NASHVILLE - The Haslam administration has submitted a seven-item list of priority state road projects totaling $1.16 billion for President Donald Trump's administration to consider.
Tennessee is among states that have offered up such lists of "shovel ready" but unfunded projects to the National Governors Association at the request of Trump's then-transition team.
The Volunteer State list includes a stretch of U.S. 127 in Cumberland and Fentress counties north of Chattanooga.
Trump's request didn't seek cost estimates but figures provided Wednesday by the Haslam officials to the Times Free Press shows a price tag on the planned improvements of the highway and bridges is projected at $159.4 million.
Haslam, meanwhile, is in the midst of his own pitching his own transportation and economic program, dubbed the IMPROVE ACT, that would raise an additional $296 million for state transportation, primarily through gas and diesel tax increases, to address 962 projects statewide.
The state currently has a $6 billion backlog of previously approved projects and $4.5 billion worth of projects with no funding expected for years unless new dollars are forthcoming, Haslam has said.
In addition to U.S. 127, other projects on the list being forwarded to the Trump administration are:
* Alcoa Highway - Knox County/Blount County - $183.1 million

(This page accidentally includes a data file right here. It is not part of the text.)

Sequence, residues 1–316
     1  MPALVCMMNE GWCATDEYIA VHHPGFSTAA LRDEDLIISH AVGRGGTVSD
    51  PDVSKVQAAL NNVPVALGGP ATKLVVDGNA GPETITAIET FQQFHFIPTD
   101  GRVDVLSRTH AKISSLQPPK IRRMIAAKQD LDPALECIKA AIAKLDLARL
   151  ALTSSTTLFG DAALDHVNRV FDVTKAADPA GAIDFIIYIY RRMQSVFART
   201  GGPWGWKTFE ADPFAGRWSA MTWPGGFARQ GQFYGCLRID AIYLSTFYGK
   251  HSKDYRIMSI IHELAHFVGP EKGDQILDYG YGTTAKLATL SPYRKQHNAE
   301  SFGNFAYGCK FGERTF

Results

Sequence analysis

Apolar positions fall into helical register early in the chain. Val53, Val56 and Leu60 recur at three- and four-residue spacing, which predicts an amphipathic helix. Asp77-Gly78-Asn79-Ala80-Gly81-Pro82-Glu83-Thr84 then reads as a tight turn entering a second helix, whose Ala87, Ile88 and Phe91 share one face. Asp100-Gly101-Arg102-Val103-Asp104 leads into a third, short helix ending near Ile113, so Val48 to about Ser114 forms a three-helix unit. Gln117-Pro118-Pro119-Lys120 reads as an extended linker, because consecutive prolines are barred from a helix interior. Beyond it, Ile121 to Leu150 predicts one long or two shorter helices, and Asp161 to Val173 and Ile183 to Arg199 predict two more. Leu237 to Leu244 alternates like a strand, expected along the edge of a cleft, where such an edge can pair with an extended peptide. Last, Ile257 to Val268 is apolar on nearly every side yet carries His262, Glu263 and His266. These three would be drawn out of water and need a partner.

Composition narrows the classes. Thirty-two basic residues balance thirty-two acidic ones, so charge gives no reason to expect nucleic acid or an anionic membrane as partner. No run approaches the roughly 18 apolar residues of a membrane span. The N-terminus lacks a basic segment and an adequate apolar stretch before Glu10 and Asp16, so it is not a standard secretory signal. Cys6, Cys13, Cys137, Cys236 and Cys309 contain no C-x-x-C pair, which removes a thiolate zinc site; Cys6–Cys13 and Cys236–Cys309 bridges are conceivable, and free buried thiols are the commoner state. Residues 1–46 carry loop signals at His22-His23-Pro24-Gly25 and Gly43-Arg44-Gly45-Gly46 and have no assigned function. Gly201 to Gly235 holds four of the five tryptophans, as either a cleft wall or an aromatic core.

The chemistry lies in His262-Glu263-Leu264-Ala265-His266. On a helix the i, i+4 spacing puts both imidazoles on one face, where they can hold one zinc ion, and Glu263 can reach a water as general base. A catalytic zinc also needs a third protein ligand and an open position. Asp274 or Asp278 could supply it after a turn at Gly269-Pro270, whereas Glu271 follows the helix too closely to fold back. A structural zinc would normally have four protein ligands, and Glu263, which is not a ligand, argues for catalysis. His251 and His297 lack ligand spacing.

* Lamar Avenue - Memphis - $252 million
* I-440 - Nashville - $50 million
* State Route 109 - Wilson County - $18.5 million
* I-40 - Jackson - $66.3 million
* I-69 - Obion County - $236.7 million.
The lists being forwarded to the NGA at Trump officials' request was first reported by Bloomberg News.
During his campaign, Trump put a high priority on tackling aging U.S. infrastructure both in terms of need and fueling new jobs. He has talked about spending between $550 billion to $1 trillion but often in the context of using private-sector funding.
He addressed the need during his inaugural address last week.
Tennessee Transportation Commissioner John Schroer told Bloomberg, who is vice president of the American Association of State Highway and Transportation officials, told Bloomberg News that he doesn't want the federal government changing states' traditional role in selecting what gets funded.
"I don't see any way that, federally, they can define projects for a state,'' Schroer said. "The federal government can't figure out what a state needs.''
Schroer also told Bloomberg he's skeptical that whatever plan emerges will include significant additional federal spending because he doesn't believe Congress would provide it.
"I'm not overly encouraged that we're going to see a lot of help out of the federal government for a while,'' Schroer said. "There is no political will.''